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The Eyeball

Eyeball  N46° 30.628' W83° 08.080' 

SAFETY DISCLAIMER: All bolted climbs are adventurous in nature and may or may not require use of trad gear or anchors and should not be viewed as sport climbs but as trad climbs with bolted protection in some or all places.

This area is currently under development, and not all closed routes may be red-tagged. If you see a climb that is not in this guide, it may be a closed project, unfinished, or unsafe to climb. Please plan and prepare for your trip to the Eyeball accordingly, and climb at your own risk.

The Eyeball is a stupendous cliff system 2.5 km long and 115 m tall at its highest point. It has many different faces of different heights, sizes, angle and rock quality. There is a lifetime’s worth of climbing here. 

A huge thank you to Danylo Darewych for contributing the guide to Eyeball amongst other guides. 


Approach Directions  

If you’re coming from the east, in Iron Bridge turn north from Hwy 17 (Trans-Canada) onto Hwy 546. Head north for 10.9 km. At this point, Hwy 546 veers sharply right. Continue straight ahead on Hwy 554 for 12.1 km to Kynoch (a small settlement of farms and houses with no road sign declaring its existence). In Kynoch, Hwy 554 makes a sharp left-hand (westward) turn. At the far end of the turn, look for Brock’s Road on your right (north). Turn right onto Brock’s Road. 

If you’re coming from the west, from Thessalon head north on Hwy 129. At about 31 km north of Thessalon turn right onto Hwy 554 and head east for 4 km to Kynoch. In Kynoch, Hwy 554 makes a sharp right-hand (southward) turn. At the start of the turn look for Brock’s Road on your left (north) and turn left onto Brock’s Road


NOTE: There is a fee of $20 to pass through the gate or a $250 yearly fee for a key to the gate.You still can't get through from Friday sunset to Saturday sunset - the gate is locked with a second padlock at that time. We are told to up to the farm house out side of those times and knock on the door to ask to be let through. Easiest to catch the Brocks at home early in the morning or after supper, otherwise you might end up waiting around for a while. I believe they get up around 5:00 am and go to bed early as well, so best not to knock on their door after 8:00 pm.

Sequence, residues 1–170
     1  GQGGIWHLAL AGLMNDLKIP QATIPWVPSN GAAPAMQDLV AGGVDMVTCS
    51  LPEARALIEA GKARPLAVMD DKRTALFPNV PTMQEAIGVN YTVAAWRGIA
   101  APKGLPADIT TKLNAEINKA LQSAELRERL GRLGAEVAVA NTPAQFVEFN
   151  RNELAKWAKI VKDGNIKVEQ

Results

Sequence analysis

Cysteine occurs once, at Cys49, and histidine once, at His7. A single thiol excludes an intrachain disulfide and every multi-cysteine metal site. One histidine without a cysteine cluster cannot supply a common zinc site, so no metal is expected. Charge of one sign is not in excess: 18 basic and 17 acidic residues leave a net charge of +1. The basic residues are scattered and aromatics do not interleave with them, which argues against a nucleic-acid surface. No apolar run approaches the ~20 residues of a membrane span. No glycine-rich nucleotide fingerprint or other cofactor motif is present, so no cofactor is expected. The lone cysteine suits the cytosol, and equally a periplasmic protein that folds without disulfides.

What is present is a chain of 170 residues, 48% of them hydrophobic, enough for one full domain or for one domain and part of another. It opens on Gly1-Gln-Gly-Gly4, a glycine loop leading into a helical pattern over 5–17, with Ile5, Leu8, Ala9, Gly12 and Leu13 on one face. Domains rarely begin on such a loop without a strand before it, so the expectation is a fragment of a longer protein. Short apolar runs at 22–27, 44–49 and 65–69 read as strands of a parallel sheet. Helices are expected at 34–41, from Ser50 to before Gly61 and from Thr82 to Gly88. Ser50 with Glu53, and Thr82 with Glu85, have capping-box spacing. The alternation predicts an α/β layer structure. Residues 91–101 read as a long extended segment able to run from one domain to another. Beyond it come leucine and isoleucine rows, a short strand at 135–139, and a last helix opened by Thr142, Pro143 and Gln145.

Note: Generally the access road is closed to vehicles other than quads in the spring until May each year due to the soft road conditions.

At first, Brock Road looks like a driveway for several farms and it will seem that you are simply driving onto someone’s farm (which, in fact, you are doing). At 1.3 km along Brock’s Road, just past the main house on the hill on your left and some barns to your right, you will arrive at a closed gate. See note above for passing through the gate. The road heads slightly uphill into a forest and becomes a logging road. Here are some of the landmarks along this logging road: 

  • 4.1/4.2 km - you will cross a hydro line. 

  • 4.5 km - there will be a small road coming in from the right that leads to a hunt camp (this is also the end of the ATV bypass road). 

  • 4.6 km - the road will start to run along the Little White River. You will see a “smaller” vertical cliff ahead of you. This is the Fortress. No rock routes on it yet. 

  • 4.7 km - there is a small pull-out to the right. You can camp here on a rock outcrop next to the river.

  • 4.9 km - on your left you will pass the Shower Stall Wall, a small ice climbing cliff on the left side of the Fortress cliff (the ice is just visible through the trees in winter). 

  • 5.0 km - you will be just below the main face of the Fortress, a smaller, steep cliff of red rock. 

  • 5.1 km - the road will turn sharply right. 

  • 6 km - you will start to see a large cliff towering over the road and trees ahead of you. This is the Shotgun Cliff. 

  • 7.0/7.1 km - the nose of the Shotgun Cliff rises almost directly above the road. 

  • 7.6 km - there is a bridge over a small creek (this is past the Shotgun Cliff). 

  • 8.6 km - there will be a fork in the road; head down the right fork. 

  • 10.9 km - there will be another small bridge over a creek. 

  • 12.7 km - you will pass a hunt camp on the left side of the road (Brown Camp), situated on a small lake.